Object of the Week: Bell with five-pronged handle

SAM’s Bell with five-pronged handle, one of the works you can visit now at the Asian Art Museum, looks an angry and forbidding object. Pointed prongs wend upward from the bell’s handle, emanating from the mouths of snarling lions, curving like the teeth of a predator. A band of decoration on the handle features a circle of human faces, each one with its brow angrily furrowed. Come hither and ring me! it does not bid you. It looks like something that could just as easily be found here.

Yet the bell has a striking form, and looking more closely reveals the thoughtfulness of the work’s form and decoration. To dig into the concepts present in the work we have to think about vajra. A Sanskrit term, vajra means both “diamond” and “thunderbolt,” carrying the connotations of strength and power that those things embody—an indestructible jewel, a boom and flash of energy. More than a concept, the vajra is also a visual form. Looking back at the bell, the five prongs at the top make up a vajra. A vajra can feature different numbers of prongs, and elsewhere on the bell one will find single and three-prong vajras in decorative motifs, as well as the torture-y five-prong vajra at its top. The form of the vajra has specific meaning in the Buddhist visual language, in which it signifies the vow of a Buddha or bodhisattva. Everything on the bell has meaning: Lotus blossoms, enflamed jewels, and more vajras on the body of the bell signify the presence of the Buddha, his law, and his priesthood.

Detail of the base of the Bell

Situated in GOLD: Japanese Art from the Collection, the Bell with five-pronged handle joins other fine art and functional objects, including portable shrines, hanging scroll paintings, a sword stand, a fan, ceremonial kimono, netsuke, sake cups, and a folding screen. One of my other favorite works in the show lies somewhere between functional and purely formal: a Hooded Cape meant to be worn by the wife of a Japanese feudal lord on the specific occasion of a fire. I have to think the absurdity of that purpose essentially makes it a decorative object.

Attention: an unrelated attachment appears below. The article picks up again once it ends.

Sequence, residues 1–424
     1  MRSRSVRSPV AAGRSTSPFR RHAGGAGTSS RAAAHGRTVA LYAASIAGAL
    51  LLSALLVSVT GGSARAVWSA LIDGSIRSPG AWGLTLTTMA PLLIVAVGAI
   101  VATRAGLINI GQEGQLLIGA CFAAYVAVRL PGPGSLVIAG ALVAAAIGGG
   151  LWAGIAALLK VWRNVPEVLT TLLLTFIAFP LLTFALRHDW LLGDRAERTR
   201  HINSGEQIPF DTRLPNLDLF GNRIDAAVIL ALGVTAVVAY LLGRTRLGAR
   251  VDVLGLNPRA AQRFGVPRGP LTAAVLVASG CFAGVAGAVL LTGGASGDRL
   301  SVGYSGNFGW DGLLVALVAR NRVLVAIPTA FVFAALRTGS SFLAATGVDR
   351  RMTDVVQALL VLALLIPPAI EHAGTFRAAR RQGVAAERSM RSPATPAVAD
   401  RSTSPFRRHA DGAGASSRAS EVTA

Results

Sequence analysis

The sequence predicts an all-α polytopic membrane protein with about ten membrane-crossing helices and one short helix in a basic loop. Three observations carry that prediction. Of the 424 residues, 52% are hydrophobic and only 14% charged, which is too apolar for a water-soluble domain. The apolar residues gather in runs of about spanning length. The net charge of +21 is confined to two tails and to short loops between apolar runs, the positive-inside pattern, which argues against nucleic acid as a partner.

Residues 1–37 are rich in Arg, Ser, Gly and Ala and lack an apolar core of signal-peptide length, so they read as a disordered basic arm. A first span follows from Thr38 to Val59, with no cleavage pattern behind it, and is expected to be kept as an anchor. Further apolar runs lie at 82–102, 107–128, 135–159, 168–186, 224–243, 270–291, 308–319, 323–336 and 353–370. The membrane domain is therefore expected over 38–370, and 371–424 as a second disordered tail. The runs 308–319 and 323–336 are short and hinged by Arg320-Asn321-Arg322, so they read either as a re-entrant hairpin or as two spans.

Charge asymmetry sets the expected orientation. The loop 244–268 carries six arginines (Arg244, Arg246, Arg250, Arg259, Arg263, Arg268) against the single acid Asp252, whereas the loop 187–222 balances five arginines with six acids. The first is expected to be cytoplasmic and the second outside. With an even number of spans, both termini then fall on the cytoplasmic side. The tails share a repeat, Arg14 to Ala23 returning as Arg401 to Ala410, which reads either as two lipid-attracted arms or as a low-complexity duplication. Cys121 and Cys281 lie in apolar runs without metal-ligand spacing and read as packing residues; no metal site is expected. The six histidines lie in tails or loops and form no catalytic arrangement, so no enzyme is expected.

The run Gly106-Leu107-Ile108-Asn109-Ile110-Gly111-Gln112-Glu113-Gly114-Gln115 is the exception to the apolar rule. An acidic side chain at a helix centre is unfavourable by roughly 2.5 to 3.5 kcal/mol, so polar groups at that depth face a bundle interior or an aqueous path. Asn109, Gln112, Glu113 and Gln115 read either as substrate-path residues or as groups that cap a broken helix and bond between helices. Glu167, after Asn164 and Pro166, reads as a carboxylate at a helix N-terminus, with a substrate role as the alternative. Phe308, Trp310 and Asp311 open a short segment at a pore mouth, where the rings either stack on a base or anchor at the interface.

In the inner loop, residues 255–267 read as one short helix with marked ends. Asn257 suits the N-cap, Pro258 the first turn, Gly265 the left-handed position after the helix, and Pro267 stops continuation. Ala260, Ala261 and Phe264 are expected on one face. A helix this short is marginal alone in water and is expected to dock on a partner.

The bell and its company in GOLD reveal a culture that has infused religious and philosophical symbolism into its functional objects. “Used” or not in their first lives, they all now have a second existence as museum artworks, as examples of exceptional craftsmanship and markers of cultural stories. Gilt bronze amid other works in gold leaf, gold lacquer, gold thread, and pure gold, the bell shows, on the part of its maker, an appreciation for eye-catching aesthetics, complemented by a desire for stimulating thought.

—Jeffrey Carlson, SAM Collections Coordinator

IMAGE: Bell with five-pronged handle, 12th-13th century, Japanese, Late Heian period (794-1185)-early Kamakura period (1185-1333), gilt bronze, 9 1/4 x 4 1/4 x 1/4 in. Seattle Art Museum, Eugene Fuller Memorial Collection, 49.237, Photo: Natali Wiseman.

Object of the Week: Buddha

Celebrations of spring are happening all around us. It’s opening week for baseball and Masters Tournament time in golf. Here in Seattle, the sun is shining, the flowers are blooming, and all of a sudden it’s like we live in a populous city. You never have a sense for how many people live (and vacation) here until the sun comes out!